Dissolute Elisabeth and her Devil
In the Middle Age lived a once promiscuous girl named Elisabeth. She had come to repentance, found honorable employ as a maid, and had established herself at the hamlet of Vrieswijc, modern Friezenwijk. Hamlet Friezenwijk is located near the scenic village of Heukelum in the region Batavia (viz. region Betuwe) in province Gelderland, the Netherlands.
Because of Elisabeth’s former dissolute and honorless lifestyle, the Devil still preyed on her body and soul. This was after all how medieval people thought of women in general. Women, namely, could easily be swayed, as was evident after Eve had eaten an apple, the forbidden fruit, at the behest of the Devil. Especially, dishonorable, unmarried girls were susceptible. Read our post Harbours, Hookers, Heroines, and Women in Masquerade to understand more of the concept of honor and the position of women in the late medieval (and early modern) period.
In the year 1282, Elisabeth went for a walk on what must have been a very hot summer’s day (Van Engelen 1995). Probably somewhere along the River Linge near Friezenwijk. When she got thirsty, she drank from a pond filled with clear water. Inexcusable, she forgot to make the sign of the Cross before she started to drink, and did not notice that the Devil poisoned the water by throwing a small clot of earth into the pond. That Elisabeth failed to cross herself, probably was because she still lacked discipline of her former rowdy life and had not mastered all the rules of piousness yet.
At the house in her room, she became possessed by evil. It was so bad, she had to be tied down to her bed. A scene we are all familiar with since the movie The Exorcist (1973). Only this time her name was Elisabeth instead of Regan. Anyway, the lady of the house where Elisabeth worked as a maid cared and brought Elisabeth during lent to the priest in Heukelum to confess her sins. For a while this helped. The Devil inside was pacified. Until Easter, when she was about to take communion. Elisabeth’s mouth turned into stone, and she could not swallow the holy host. A white dove came flying in and took the host out of her mouth. Back in her room, she became possessed again and total madness came over her.
After three days of suffering, Virgin Mary decided it was enough and time to help Elisabeth out. Virgin Mary, together with John the Evangelist and Saint Elizabeth, announced to Elisabeth they would visit her in Friezenwijk. Elisabeth tried to find the most beautiful white cloth to be put over her bed in order to respectfully welcome her esteemed guests. But in vain, because she had too little time. Instead, Elisabeth put a modest bedspread made of hemp over her bed. The holy trinity came, sat down on Elisabeth's bed, and cured her. After Elisabeth had cleansed her mouth with purified, blessed water, the same dove from before at Easter came flying in again and put the host into her mouth. Finally, Elisabeth was able to swallow it.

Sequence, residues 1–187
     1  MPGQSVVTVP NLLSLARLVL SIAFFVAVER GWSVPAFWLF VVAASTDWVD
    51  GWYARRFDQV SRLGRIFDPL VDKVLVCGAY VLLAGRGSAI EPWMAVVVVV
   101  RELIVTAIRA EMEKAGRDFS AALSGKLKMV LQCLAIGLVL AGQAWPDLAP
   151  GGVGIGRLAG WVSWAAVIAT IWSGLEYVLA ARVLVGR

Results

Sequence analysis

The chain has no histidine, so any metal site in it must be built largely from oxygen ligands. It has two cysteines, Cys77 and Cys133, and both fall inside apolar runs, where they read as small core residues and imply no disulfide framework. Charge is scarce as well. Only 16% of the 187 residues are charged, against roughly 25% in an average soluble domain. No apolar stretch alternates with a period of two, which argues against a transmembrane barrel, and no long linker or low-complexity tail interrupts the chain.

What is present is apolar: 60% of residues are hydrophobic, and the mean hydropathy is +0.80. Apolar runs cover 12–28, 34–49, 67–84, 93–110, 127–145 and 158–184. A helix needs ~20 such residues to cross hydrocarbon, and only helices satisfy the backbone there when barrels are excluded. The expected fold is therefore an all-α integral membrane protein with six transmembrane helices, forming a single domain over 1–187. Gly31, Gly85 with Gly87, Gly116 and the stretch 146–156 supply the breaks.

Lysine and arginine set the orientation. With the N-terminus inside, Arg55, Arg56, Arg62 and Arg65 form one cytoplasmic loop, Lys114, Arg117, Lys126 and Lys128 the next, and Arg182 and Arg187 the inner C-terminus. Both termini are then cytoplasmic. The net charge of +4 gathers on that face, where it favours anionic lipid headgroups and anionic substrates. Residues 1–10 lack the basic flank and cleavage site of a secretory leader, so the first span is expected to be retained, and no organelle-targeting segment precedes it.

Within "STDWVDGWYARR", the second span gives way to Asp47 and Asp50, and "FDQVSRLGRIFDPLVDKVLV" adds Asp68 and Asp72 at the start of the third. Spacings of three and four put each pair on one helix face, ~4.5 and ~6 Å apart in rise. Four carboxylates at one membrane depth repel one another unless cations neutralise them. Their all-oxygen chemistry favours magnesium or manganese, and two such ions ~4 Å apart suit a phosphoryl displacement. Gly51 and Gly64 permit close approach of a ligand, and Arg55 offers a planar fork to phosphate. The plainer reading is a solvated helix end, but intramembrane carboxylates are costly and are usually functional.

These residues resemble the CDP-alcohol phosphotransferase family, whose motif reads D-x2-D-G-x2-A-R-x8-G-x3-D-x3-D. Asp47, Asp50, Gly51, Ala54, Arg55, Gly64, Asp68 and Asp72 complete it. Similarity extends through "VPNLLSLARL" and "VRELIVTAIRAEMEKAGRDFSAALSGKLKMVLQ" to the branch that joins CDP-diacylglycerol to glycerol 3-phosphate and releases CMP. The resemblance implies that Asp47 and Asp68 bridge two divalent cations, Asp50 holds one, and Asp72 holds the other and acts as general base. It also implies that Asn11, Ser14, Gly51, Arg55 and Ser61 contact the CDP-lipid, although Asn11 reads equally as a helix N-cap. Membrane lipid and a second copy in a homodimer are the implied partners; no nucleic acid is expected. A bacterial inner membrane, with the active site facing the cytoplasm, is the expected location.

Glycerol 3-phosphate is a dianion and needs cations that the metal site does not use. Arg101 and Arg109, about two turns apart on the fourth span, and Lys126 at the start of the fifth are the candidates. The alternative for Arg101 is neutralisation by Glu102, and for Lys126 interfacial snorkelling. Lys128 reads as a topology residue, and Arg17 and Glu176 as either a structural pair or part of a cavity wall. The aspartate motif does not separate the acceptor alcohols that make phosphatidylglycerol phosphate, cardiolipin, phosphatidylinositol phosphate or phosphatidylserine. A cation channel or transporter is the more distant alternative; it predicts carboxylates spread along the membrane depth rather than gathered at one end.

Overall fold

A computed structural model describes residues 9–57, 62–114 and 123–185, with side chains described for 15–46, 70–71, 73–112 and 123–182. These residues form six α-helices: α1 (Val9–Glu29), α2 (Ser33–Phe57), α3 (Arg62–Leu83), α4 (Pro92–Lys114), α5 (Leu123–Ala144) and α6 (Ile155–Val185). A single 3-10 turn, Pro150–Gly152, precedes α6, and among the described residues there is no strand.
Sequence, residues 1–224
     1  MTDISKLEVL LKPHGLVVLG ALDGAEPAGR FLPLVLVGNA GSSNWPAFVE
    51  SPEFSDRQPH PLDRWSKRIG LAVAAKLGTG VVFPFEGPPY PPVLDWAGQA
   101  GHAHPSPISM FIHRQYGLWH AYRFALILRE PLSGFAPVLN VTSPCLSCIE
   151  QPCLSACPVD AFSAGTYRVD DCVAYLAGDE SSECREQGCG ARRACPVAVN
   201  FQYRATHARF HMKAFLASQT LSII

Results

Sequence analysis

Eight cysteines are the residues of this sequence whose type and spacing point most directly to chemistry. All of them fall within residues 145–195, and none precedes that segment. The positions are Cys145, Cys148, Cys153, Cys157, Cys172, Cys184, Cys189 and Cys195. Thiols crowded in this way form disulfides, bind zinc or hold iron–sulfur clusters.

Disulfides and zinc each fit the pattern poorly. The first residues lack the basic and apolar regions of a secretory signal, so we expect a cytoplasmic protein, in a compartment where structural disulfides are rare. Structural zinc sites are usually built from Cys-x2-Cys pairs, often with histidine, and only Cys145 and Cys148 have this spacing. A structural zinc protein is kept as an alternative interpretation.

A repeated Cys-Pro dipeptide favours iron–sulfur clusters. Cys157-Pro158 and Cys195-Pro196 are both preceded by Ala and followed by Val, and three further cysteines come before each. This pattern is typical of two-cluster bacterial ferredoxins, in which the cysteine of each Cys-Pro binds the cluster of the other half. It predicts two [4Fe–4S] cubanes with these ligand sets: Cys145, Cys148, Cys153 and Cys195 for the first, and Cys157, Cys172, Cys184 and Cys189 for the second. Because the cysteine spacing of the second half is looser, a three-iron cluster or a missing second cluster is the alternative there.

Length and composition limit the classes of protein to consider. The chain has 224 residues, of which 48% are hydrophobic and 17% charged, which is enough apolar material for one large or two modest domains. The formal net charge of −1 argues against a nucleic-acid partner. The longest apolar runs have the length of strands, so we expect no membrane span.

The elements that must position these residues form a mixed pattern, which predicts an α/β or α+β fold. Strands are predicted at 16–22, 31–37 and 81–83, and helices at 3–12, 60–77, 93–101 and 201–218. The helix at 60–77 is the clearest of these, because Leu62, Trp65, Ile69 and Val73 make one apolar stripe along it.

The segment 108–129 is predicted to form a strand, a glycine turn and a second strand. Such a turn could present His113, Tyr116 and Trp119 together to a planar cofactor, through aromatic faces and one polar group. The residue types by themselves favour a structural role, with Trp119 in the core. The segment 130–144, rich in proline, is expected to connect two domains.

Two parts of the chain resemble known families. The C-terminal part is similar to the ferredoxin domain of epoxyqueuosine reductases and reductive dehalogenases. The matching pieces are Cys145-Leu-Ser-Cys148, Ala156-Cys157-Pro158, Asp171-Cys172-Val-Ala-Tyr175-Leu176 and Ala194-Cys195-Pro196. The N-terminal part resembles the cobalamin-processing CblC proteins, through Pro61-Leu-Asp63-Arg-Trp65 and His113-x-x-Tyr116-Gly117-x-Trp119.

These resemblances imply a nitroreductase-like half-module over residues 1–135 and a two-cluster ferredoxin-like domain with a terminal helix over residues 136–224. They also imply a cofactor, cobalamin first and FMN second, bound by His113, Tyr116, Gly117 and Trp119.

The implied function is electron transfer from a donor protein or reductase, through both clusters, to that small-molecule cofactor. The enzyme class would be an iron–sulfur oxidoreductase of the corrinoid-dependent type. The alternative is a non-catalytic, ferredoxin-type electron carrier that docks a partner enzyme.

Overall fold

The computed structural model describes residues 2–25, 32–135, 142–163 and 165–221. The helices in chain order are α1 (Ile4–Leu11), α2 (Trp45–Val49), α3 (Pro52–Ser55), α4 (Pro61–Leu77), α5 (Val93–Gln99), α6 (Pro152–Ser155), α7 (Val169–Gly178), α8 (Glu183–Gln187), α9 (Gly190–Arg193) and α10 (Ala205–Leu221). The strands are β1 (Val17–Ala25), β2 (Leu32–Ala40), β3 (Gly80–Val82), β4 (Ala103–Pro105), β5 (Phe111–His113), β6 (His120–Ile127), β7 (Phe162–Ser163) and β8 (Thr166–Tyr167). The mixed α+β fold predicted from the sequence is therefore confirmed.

One last time Elisabeth's devil made an effort to get hold on her body and soul, but it was not able to get inside anymore. It left the room, and out of frustration the Devil set fire to the mattress made of straw. Elisabeth extinguished the flames with both her arms, which got burned heavily. When Elisabeth wrapped her arms with the hemp bedspread the three saints had sat on, the skin of her arms healed immediately.
The above account is basically a free translation of documentation collected by the Meertens Institute. The story of this miracle can be traced back in texts dating back to around the year 1480. Different accounts speak of the yearly procession held on Pentecost Monday carrying the statue of Virgin Mary. Departing from the parish church in Heukelum to the chapel in hamlet Friezenwijk. The chapel was built on the spot where the exorcism had happened. The hemp bedspread was kept as relic in the church of Heukelum, but has been lost. Probably after the Reformation.
One can think of many explanations for this story. A likely one, we think, is that it was about a young girl with a rebellious character who was pressured by her environment to accept the social, conservative conventions. Maybe she resisted to conform, it got her off balance, and caused distress and even mental sickness. Or, who knows, she was mentally unstable in the first place, which made her behave socially unacceptable, and out of social ignorance was pressured into obedience and ‘healed’. Either way, Elisabeth had to fight her personal demons. We cannot help to think that a free female spirit was victim of her time.
The procession was very popular. People from all over the country attended. Even after the Protestant Reformation and the Beeldenstorm ‘image/statue fury’ in the year 1566, devotees continued to organize the procession. Halfway the seventeenth century, the procession was popular still. A century later, however, the tradition had fallen into disuse at last. Not much later, the chapel must have been dismantled, likewise the procession pathway. Where exactly the chapel stood, is unclear. It might that it stood in the area that has been fully excavated by the local brick factory. So, we will never know.